By Terrence McCoy
By Allie Conti
By Chuck Strouse
By Scott Fishman
By Terrence McCoy
By Ryan Yousefi
By Ciara LaVelle, Kat Bein, Carolina Del Busto, and Liz Tracy
By Pepe Billete
Last week an old man in a golf cart handed out eviction notices at Dinner Key boat yard in Coconut Grove. The carpenters, mechanics, and sailmakers who received them will have to end their tenancy and move out by January 31, leaving the historic city-owned boat yard to the next chapter of its life.
The future of one of Miami's last, best, and most rundown pieces of public waterfront land was supposed to be settled today, January 16, with Miami commissioners awarding a 40-year land lease to one of two competing development groups. The first group, which includes movie star Sylvester Stallone, Grove condo magnate Manny Medina, and former city commissioner Rosario Kennedy, wants to turn the boat yard's rusting seaplane hangars into a six-million-dollar film and TV studio. Partners in the second group, among them State Rep. Carlos Lacasa, lobbyist Julio Rebull, Sr., and North Carolina sports team owner Felix Sabates, say they'll spend five million dollars constructing a large, modern marina. (The details of both proposals, and the controversy surrounding the contest, were chronicled in the New Times feature story "Guess Who's Coming to Dinner Key?" last October.)
But the showdown vote was yanked from the agenda by Miami City Manager Ed Marquez a week ago Wednesday, ostensibly because Miami's elected officials are so busy solving the city's financial crisis that they haven't yet had time to consider the boat yard lease. The real reason: Hugh Westbrook, health-care tycoon and political heavy hitter, has decided he's interested in Dinner Key after all.
A powerful Democratic Party fundraiser and founder of Vitas Healthcare Corp., Westbrook dropped out of the bidding war two months ago without explanation, officially ending his quest to build a farmers' market on the bay reminiscent of Boston's Faneuil Hall or the French Market in New Orleans. Sources say that he was fed up with the city's selection process, believing it to be stacked in favor of the Stallone-Medina group, and that he was also distracted by unexpected delays in the sale of his multimillion-dollar home hospice company.
Westbrook's surprise return -- formally announced in a letter to the city last Friday -- is potentially very bad news for the other two bidders. Late last year an advisory panel ranked Westbrook's proposal well ahead of the Lacasa-Rebull marina plan, and just one point behind the Medina-Stallone movie studio scheme. Antagonists in the protracted boat yard fight, as well as observant bystanders, are now wondering why and how Westbrook came back.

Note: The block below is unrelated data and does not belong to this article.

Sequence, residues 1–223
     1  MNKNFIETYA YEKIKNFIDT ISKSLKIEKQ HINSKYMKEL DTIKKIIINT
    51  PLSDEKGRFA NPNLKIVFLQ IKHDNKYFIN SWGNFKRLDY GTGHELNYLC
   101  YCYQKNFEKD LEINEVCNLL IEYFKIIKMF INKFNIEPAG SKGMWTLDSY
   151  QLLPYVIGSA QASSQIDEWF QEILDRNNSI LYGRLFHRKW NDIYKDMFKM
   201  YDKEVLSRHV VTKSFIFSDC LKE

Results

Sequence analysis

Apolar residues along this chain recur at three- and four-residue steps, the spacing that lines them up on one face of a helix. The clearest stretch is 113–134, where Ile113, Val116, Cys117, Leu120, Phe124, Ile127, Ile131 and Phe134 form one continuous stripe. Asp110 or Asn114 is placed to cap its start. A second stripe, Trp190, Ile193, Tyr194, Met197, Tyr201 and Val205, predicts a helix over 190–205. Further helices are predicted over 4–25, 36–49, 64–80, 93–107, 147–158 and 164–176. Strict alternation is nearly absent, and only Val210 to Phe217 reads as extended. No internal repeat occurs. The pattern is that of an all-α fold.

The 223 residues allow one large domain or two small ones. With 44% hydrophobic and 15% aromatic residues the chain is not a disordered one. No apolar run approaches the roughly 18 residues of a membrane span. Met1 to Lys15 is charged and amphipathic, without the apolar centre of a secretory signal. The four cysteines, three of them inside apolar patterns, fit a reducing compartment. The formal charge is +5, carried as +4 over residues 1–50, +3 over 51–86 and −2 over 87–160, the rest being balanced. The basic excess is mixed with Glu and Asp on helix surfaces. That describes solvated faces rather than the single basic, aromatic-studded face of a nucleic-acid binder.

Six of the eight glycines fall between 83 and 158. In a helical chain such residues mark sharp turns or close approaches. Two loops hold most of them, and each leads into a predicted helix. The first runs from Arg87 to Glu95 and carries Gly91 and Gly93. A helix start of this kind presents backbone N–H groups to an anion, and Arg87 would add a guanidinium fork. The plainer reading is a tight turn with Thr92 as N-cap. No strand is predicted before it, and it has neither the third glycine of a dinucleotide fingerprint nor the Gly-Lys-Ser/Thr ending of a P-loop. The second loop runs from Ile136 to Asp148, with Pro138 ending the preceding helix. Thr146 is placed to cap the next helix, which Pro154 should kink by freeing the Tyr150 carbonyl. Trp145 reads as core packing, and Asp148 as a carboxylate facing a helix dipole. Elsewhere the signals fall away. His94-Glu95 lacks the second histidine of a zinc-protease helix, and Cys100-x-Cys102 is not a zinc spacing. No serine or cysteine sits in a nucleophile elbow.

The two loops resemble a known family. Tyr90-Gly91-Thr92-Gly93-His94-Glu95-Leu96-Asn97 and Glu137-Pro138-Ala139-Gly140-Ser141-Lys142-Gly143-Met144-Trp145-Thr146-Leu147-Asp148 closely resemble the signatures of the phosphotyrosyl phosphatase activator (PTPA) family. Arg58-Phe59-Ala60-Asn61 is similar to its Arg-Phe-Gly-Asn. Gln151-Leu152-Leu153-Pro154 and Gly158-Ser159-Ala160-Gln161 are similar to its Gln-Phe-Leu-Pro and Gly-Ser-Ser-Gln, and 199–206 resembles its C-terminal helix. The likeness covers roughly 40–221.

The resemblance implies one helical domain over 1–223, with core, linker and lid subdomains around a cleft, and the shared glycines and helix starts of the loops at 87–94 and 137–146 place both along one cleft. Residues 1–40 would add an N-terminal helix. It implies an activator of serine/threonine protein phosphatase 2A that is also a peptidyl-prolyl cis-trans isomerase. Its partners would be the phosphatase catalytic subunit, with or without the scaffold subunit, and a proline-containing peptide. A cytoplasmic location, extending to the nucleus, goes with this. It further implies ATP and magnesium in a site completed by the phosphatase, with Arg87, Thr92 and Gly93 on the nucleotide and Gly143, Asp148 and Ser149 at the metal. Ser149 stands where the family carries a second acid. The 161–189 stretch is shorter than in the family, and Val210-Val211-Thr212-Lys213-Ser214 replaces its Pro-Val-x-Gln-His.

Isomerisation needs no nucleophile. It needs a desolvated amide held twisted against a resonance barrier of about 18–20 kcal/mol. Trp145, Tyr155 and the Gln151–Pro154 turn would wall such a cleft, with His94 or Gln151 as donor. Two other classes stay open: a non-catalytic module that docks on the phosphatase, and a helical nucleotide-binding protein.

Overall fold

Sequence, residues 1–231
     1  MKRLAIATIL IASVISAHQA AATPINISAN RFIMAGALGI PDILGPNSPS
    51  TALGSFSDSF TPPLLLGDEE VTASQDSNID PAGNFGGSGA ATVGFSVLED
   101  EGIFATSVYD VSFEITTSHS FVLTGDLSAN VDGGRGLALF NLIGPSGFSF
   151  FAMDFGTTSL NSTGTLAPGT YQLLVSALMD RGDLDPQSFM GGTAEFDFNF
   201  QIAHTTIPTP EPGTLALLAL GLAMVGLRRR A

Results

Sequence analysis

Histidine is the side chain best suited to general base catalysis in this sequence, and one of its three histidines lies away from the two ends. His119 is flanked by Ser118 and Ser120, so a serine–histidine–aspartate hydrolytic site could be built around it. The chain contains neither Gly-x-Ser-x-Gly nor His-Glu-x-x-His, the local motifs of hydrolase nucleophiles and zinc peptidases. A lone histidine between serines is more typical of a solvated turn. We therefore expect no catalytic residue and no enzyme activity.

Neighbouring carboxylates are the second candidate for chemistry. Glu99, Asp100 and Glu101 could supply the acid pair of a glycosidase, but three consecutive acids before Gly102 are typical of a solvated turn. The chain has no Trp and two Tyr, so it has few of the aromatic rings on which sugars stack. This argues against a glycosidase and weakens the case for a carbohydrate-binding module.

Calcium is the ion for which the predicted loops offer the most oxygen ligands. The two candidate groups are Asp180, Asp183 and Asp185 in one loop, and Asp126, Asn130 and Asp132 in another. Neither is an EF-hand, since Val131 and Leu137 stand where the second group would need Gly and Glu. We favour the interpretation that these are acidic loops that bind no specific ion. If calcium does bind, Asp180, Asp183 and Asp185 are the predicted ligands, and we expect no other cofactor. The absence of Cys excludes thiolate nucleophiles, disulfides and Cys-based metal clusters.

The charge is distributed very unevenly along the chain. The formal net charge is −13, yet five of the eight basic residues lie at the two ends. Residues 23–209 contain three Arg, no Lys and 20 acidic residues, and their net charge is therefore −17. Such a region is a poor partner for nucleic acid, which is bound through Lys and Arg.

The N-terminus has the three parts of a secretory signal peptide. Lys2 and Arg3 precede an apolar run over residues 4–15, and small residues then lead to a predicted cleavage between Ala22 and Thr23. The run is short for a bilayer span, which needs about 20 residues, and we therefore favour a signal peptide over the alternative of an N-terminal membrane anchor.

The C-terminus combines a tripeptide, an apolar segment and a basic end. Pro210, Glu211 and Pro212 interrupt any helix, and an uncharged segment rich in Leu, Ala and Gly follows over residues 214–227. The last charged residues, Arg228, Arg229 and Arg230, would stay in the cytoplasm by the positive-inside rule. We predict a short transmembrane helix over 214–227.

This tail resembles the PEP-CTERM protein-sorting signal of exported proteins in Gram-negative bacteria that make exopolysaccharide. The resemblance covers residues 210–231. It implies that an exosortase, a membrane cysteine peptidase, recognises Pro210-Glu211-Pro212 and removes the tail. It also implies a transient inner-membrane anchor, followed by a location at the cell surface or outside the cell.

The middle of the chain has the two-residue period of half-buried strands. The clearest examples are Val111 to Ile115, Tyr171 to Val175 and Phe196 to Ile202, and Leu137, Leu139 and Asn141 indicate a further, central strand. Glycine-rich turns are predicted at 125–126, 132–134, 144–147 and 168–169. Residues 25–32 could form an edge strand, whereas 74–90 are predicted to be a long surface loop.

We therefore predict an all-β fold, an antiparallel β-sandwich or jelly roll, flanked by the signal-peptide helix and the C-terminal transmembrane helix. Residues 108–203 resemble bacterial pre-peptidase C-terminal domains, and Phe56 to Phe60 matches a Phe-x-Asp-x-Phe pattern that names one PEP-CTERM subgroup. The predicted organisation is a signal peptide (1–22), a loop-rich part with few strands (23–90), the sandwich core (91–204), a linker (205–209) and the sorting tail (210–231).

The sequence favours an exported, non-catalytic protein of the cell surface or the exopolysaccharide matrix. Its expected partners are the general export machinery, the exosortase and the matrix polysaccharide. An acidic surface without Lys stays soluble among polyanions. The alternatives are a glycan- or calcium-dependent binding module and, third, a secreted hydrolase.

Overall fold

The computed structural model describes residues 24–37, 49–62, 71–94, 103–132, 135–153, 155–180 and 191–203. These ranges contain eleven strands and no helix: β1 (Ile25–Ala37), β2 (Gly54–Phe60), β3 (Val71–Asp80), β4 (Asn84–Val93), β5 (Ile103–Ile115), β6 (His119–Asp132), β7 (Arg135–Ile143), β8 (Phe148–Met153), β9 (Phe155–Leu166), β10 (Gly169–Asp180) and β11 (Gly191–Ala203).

"The surface explanation will be that he simply requested to re-enter the race," says a source within Westbrook's development group. "The true reason is that someone in the city administration picked up the phone and begged him to come back to the table. Whoever it was conveyed the sense that there was growing concern about the idea of a movie studio at Dinner Key. Maybe someone finally sat down and looked at the numbers and realized how little sense a studio makes on that site. So what happens when the studio doesn't work out? It's not difficult to figure that Manny Medina would very quickly offer up a plan to bulldoze the boat yard hangars and build a high-rise on the edge of the bay. Given the city's financial meltdown, it would be difficult to resist."
Medina calls this scenario absurd, and says he has no hidden agenda.
"I have no intention of using that property for anything other than a low-rise use, and I'll sign that in blood if you want me to," the developer declares. "First of all, even if we are successful, Manny Medina is not taking control of that property. I'm one component in a group. Second, you couldn't build a condo there because there are legal restrictions that prohibit it. Third, I'd be shooting myself in the foot -- a high-rise would block my view of the bay." (Medina owns Grove Hill, a 22-floor condominium directly across from the boat yard).
As for Westbrook's return, Medina says he's still absorbing the news: "I have no comment. I don't know why he's doing it. I don't know why he dropped out in the first place."
Carlos Lacasa, a principal in the other group fighting for control at Dinner Key, says he's neither shocked nor especially dismayed by Westbrook's reappearance. On November 13 he and his partners wrote to the city manager objecting to various glitches in the bidding process. Medina, the group complained, had failed to properly disclose financial information about himself and his partners as required by the city's May 31 request for proposals (RFP), and his group had misrepresented the nature of Miami-Dade Community College's participation in a proposed film institute. Privately the partners say they're also miffed that a movie studio was ever made an allowable element in the city's guidelines for proposals. The RFP originally identified a public market, a marina, and a working boat yard as some of the desired elements in any redevelopment plan. It was quietly amended in late June to specifically allow the movie studio idea after lobbyist Rosario Kennedy met with city officials.
"I suspect that Westbrook may have felt, as we have, that the Stallone-Medina bid was heavily favored and that there was no sense in going forward," Lacasa says. "My information is that the city manager took it upon himself or was told to initiate this."